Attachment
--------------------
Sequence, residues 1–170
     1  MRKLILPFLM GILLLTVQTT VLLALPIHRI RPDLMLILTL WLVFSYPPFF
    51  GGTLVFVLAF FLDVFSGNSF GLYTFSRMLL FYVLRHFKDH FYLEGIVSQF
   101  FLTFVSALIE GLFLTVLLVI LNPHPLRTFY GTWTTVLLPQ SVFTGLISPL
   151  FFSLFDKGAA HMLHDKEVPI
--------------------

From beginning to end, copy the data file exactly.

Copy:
Sequence, residues 1–170
     1  MRKLILPFLM GILLLTVQTT VLLALPIHRI RPDLMLILTL WLVFSYPPFF
    51  GGTLVFVLAF FLDVFSGNSF GLYTFSRMLL FYVLRHFKDH FYLEGIVSQF
   101  FLTFVSALIE GLFLTVLLVI LNPHPLRTFY GTWTTVLLPQ SVFTGLISPL
   151  FFSLFDKGAA HMLHDKEVPI